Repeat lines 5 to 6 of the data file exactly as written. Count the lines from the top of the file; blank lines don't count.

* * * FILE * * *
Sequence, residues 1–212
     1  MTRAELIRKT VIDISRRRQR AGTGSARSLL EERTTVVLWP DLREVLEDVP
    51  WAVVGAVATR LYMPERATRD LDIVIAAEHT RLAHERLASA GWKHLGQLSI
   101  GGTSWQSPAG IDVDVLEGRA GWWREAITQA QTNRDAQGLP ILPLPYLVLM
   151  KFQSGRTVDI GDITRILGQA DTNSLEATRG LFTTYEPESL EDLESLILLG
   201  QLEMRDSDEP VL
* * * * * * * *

   151  KFQSGRTVDI GDITRILGQA DTNSLEATRG LFTTYEPESL EDLESLILLG
   201  QLEMRDSDEP VL